What is Tritium?
Tritium is a radioactive isotope of hydrogen.
First let’s define a few terms that to help you better understand our favorite isotope.
The Building Blocks
Atoms are the smallest unit you can divide matter into, and consist of a nucleus hanging out in an electron cloud. Hydrogen has a single proton, and since those are what we count when assigning chemical numbers, it’s getting a big ‘ole 1 and sits squarely at the top of the periodic table. Hydrogen is considered a chemical element, meaning, it’s one of the foundations of all things. Kind of a big deal!
Next, when understanding an isotope is, we can think of it almost as a sibling. Related, but different. An isotope is going to share the same atomic number (kind of like having the same last name), but differ in the atomic mass and physical properties. Nuclei with the same number of protons but different numbers of neutrons are isotopes of each other—kind of like a slim sibling and a stocky sibling.
Since it’s all about the protons here, you can have different amounts of neutrons that don’t effect chemical properties—just mass. Hydrogen has one proton and one electron, Tritium has one proton, one electron, but two neutrons.
Now we all understand where the “3” in H-3 comes from! For you entomology nerds, the “Tri” comes from “tritos” in Greek. Tritium being an isotope of hydrogen means it’s chemically similar, but neutronically different. It’s also the only radioactive isotope of hydrogen.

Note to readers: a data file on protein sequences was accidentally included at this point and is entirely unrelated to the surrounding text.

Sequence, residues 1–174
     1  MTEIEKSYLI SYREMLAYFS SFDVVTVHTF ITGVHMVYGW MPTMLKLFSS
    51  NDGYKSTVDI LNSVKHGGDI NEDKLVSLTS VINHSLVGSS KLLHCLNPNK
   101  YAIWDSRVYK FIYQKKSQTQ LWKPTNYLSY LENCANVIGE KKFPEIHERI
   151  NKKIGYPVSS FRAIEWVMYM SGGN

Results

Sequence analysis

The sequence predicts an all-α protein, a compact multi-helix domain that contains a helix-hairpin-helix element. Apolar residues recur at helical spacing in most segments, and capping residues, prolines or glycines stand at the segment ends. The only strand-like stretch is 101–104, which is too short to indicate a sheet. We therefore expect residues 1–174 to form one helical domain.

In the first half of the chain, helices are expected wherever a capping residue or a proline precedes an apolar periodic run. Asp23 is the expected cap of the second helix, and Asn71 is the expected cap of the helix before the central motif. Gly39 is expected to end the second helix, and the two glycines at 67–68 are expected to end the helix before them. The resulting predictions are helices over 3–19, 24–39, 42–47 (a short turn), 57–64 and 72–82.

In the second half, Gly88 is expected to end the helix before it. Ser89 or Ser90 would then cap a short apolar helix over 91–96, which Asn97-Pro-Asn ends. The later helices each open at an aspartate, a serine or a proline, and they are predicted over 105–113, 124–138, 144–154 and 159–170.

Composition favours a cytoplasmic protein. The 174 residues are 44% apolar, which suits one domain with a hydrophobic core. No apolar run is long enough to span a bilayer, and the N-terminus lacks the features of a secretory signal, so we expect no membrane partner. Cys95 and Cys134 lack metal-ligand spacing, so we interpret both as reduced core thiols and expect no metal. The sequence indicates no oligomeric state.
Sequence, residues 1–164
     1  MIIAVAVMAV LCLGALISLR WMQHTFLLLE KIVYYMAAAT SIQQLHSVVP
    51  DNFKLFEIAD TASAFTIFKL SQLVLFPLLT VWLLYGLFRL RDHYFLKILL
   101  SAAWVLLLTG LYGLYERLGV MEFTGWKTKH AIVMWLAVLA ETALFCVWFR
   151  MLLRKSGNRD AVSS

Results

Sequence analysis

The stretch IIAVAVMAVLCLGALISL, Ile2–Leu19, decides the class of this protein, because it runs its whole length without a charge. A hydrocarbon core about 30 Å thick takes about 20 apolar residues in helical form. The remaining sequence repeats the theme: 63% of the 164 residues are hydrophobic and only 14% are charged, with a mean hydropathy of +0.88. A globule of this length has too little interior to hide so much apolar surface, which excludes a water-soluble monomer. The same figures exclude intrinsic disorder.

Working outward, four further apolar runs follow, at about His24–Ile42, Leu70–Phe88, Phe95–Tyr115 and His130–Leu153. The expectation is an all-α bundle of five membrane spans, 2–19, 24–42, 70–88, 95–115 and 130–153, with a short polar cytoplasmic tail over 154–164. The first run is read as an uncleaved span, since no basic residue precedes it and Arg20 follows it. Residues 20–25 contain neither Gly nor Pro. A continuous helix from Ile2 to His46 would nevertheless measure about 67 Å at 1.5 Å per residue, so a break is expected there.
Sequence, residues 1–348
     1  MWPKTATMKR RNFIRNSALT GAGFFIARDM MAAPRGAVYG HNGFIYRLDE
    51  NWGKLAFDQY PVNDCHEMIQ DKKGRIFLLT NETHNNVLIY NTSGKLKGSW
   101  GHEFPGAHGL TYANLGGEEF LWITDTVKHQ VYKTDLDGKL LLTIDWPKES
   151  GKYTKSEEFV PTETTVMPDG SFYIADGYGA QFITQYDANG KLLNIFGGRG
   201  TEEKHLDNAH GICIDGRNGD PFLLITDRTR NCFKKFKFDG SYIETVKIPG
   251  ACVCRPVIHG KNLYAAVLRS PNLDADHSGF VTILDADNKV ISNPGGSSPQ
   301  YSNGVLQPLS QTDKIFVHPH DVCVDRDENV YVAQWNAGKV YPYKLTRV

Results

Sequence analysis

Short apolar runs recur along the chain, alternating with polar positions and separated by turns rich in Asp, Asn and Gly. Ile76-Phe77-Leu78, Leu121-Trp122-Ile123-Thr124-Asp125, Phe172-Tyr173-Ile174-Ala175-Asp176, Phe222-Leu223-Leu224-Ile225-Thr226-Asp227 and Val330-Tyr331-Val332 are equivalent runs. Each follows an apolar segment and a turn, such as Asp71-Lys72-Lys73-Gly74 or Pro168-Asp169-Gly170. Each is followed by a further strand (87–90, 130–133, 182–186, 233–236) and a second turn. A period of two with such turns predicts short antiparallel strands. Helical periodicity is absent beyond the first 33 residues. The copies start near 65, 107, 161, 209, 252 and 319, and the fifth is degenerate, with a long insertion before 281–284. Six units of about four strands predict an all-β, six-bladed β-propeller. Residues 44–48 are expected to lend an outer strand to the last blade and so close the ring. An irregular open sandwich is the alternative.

Where Does Tritium Come From?
This natural trace isotope of hydrogen can exist in a gaseous state or in water. In its gaseous, and rarest form, Tritium is created by cosmic rays interacting with gases in the upper atmosphere. Most commonly, it’s a by-product of nuclear fission.
Is it Safe?
Like all radioactive isotopes, tritium decays, and as it decays, it gives off, or emits, beta radiation. Beta radiation is a “soft” radiation that doesn’t travel (or radiate) very far—the energy of the emitted electrons is very low. Kind of like my dog on a hot day—there isn’t enough energy for the rays to go very far before they just stop. In water, the soft beta emission of Tritium is stopped after a few micrometers, and can not permeate your outer skin. This beta radiation has a half-life of approximately 12 years.
So, the verdict? YES! It’s absolutely safe. Should you eat it? NO. That’s weird. Don’t do that. Please.
How Does it Glow?
The Tritium isn’t actually glowing. The glow you are seeing is the combination of the Tritium gas and a phosphor lined vial. It’s also phosphor that determines the color—green being the brightest. The technical name for this is radioluminescence.
As a result of this glow being a chemical interaction, there is no need for a battery or electronics of any kind. Here’s where that half-life comes into play—at the end of the roughly 12 years, you will start to see the glow dim as the amount of radiation needed to glow decreases by half.
Our friends at Trigalight have created a great video showing how this happens:
Why isn't Tritium in More Products?
Well, it’s not as simple as buying or making it and then throwing it into whatever you'd like. The Nuclear Regulatory Commission regulates the use and distribution of self-illuminated tritium devices. Only companies with approved distribution licenses are legally allowed to build and distribute these tritium products.
Glow Rhino follows closely the regulations set forth by the NRC, so you can be sure our products come with all the professional engineering and installation you would expect from a premium every day carry tool company.